One dialect among many
The various related varieties and dialects of Chinese referred to as Mandarin are the culmination of a common thread of language stretching back more than three thousand years, with the earliest known examples of Old Chinese coming from divinatory inscriptions on oracle bones from 1250 BCE. Chinese history is generally divided into dynastic periods based around dynasties of emperors. Old Chinese grew out of various pre-historic languages, with the first dynasty, the Xia, appearing around 2100 BC. It’s generally agreed that Old Chinese can be traced to the Sino-Tibetan language family, which covers much of northern and central Asia. Chinese is the most common of the Sinitic language branch.
Old Chinese was the language of the Shang dynasty (1600-1046 BC), the Zhou dynasty (1046-476 BC) who overthrew them and the subsequent Warring States period until beginning to die out after 221 BC with the Qin unification. The oldest Chinese literature dates back to the Zhou period and Old Chinese forms the basis of Literary Chinese, which remained the written standard until the early 20th century. In particular, the oldest parts of the Book of Documents, the Classic of Poetry and the I Ching are some of the most well-known of these documents. Old Chinese began to shift into Middle Chinese after the Warring States period, although it should be noted that the vast size and diversity of China meant that there’s no such thing as a universal language – Middle Chinese came in a wide variety of dialects, many not mutually intelligible with each other. Literary Chinese and Mandarin developed out of the languages spoken around the capital on the North China plain.
Middle Chinese began developing as the language of three dynasties between 600 and 1100 AD, spoken by the Sui, Tang and Song dynasties. Most modern knowledge of this language comes from the Qieyun, a dictionary from 601, which is notable for its awkward fanqie method of indicating punctuation. The Qieyun forms the basis of early middle Chinese, while the Yunjing, a later 12th century rime table, is considered to refer to Late Middle Chinese, a separate stage of development. Middle Chinese formed a basis for many modern Chinese dialects, was highly influential across the region, with elements discernible in early Japanese, and modern Mandarin can be considered as a divergent development of it
The Early Modern Dynasties
Old Mandarin emerged as the language of northern China during the Jin and Yuan dynasties, beginning in 1115. The language saw a reorganisation of the four tones of Middle Chinese and other features characteristic of modern Mandarin dialects, but was likely not itself referred to as a variant of ‘Mandarin’ as that term was based on various northern dialects. Sources covering the development of Old Mandarin are limited thanks to a strong and conservative Chinese tradition of phonological description in rime dictionaries, dictionaries that collate Chinese characters by tone and rhyme.
Mandarin survived through the Mongol invasions that founded the Yuan dynasty (1271-1368) and developed as a common speech, based on the dialects of the North China Plain around the capital. The Mongol invasion shook up traditional Chinese cultural conservatism and led to new genres of poetry and drama such as the Qu and Sanqu poetry. This was in turn codified by the Zhongyuan Yinyun of 1324, a rime dictionary that contains plenty of information about the phonology of old mandarin. Tibetan-alphabet records from the Mongol Imperial period, the ‘Phags-pa script in particular, also contain information from this period. Written Vernacular Chinese, which developed as a means of writing down material to be presented orally (something that the by this point heavily divergent Literary Chinese language was unsuitable for) also shows heavy Mandarin influences.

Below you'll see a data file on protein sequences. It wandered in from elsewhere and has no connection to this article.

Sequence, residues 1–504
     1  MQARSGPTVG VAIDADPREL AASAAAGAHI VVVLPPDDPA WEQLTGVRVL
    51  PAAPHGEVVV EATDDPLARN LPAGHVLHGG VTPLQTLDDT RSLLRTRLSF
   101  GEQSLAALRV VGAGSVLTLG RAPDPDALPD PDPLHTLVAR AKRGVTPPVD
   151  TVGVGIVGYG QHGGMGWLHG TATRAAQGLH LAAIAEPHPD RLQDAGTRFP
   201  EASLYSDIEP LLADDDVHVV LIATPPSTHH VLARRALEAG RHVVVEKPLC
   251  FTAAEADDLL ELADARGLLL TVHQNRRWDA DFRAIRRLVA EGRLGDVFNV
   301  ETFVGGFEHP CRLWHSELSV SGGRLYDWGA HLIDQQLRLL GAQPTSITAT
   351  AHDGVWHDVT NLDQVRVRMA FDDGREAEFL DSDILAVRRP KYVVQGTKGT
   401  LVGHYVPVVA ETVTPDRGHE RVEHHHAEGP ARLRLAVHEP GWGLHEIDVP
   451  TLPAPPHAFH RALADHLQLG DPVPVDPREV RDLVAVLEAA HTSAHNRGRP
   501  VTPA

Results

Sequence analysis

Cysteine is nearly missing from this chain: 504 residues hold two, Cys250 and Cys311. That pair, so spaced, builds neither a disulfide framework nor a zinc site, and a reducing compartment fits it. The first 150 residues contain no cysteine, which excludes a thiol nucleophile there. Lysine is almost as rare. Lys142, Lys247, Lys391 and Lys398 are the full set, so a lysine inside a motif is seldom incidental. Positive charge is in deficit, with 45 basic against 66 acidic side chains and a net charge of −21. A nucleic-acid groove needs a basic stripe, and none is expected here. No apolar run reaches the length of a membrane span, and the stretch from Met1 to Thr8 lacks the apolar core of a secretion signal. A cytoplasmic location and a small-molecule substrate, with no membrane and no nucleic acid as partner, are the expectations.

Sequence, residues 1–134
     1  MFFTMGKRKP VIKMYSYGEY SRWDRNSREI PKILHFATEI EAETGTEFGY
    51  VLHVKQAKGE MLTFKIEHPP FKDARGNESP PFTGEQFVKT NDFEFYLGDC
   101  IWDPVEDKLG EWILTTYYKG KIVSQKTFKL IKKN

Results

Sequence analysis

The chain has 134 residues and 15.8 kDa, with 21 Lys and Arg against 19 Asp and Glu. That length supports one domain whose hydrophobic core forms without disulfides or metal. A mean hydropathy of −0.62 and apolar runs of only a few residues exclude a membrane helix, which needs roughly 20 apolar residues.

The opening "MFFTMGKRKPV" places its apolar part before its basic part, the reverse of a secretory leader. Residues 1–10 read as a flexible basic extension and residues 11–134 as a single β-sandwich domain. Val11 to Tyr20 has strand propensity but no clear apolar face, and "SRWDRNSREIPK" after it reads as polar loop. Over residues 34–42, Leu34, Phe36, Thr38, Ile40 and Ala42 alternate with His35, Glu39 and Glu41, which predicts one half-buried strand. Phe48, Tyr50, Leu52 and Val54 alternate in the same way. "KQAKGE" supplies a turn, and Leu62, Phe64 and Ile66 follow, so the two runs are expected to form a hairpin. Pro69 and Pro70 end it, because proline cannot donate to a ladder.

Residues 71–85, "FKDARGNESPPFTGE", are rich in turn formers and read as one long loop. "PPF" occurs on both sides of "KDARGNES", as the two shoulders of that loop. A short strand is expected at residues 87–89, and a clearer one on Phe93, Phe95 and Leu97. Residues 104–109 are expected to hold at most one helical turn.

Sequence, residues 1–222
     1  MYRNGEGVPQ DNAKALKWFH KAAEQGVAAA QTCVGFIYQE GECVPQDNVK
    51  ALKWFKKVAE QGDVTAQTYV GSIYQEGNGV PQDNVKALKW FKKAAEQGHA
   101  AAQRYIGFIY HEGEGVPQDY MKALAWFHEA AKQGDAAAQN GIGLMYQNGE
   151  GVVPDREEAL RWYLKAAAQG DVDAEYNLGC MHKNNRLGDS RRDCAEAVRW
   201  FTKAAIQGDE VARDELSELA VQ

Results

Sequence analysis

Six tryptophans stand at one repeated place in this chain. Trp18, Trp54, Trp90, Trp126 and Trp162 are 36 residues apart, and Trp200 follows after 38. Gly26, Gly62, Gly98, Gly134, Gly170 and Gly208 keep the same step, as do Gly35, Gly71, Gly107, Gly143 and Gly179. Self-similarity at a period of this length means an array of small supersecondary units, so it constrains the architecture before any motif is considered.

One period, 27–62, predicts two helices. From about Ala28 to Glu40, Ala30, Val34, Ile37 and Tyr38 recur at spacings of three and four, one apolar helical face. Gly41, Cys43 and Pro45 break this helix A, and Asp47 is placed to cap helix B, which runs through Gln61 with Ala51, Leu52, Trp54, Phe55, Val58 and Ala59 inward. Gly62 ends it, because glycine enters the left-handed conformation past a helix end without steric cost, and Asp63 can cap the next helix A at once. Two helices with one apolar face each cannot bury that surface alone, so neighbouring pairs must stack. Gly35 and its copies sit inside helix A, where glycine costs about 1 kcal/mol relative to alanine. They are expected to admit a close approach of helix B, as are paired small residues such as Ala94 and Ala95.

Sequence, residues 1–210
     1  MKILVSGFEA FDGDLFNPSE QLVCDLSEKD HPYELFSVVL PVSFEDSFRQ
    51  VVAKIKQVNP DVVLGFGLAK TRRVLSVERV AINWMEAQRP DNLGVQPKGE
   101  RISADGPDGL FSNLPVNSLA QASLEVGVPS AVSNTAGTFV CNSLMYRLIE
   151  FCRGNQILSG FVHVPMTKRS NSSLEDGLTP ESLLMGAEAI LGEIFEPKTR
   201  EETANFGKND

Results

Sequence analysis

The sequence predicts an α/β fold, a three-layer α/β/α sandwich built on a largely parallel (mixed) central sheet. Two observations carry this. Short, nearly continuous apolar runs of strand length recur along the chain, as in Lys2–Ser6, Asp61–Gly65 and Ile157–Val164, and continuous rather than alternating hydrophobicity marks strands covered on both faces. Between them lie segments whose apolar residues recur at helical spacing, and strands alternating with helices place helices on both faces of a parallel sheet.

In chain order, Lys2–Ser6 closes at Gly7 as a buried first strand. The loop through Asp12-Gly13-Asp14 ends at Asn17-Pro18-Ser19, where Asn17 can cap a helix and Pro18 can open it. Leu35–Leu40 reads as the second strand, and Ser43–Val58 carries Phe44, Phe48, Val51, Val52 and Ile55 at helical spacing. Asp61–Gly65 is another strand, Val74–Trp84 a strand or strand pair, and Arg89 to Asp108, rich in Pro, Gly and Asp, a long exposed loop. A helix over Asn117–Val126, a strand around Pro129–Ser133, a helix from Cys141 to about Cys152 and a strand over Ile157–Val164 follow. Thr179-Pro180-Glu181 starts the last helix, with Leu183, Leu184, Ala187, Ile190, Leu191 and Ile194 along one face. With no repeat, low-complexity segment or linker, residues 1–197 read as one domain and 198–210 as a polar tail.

The later post-mongol Ming and then the Manchu Qing dynastic governments saw Mandarin come into its own as the language of the court and of officialdom. With the size China had become, the adoption of a court language was a necessity, as thousands of mutually unintelligible dialects were spoken across the country and no official could be expected to learn them all. The name ‘Mandarin’ came about as a reference to the fact that it was spoken by Chinese officials. The common language used throughout this period was a Mandarin-derived tongue called Guānhuà, which still ran into regional difficulties. A decree from 1728 demands that officials from Guangdong and Fujian be taught proper pronunciation as their reports were becoming impossible to understand. By the 19th century, the Beijing dialect had become essential for a court official to understand, especially given the divide in the court between ethnic Han Chinese left over from the Ming government and the newly arrived Qing leadership.
Following the Chinese Revolution and the fall of the Qing in 1911, and the eventual victory of the communist government in 1949, Mandarin began spreading more rapidly with the advent of modern communications systems, previously limited in China due to the war and Qing isolationism. Needing a common language for the purposes of propaganda and communication, the new communist government drew up Standard Chinese, a language based on the Beijing dialect with vocabulary drawn from the Mandarin dialects. In modern terms, ‘Mandarin’ is used interchangeably to refer to both Standard Chinese and the large collection of dialects spoken across Northern and Southwestern China. Some linguists refer to Standard Chinese as Modern Standard Mandarin, in order to distinguish the current state of the shared language from other dialects.
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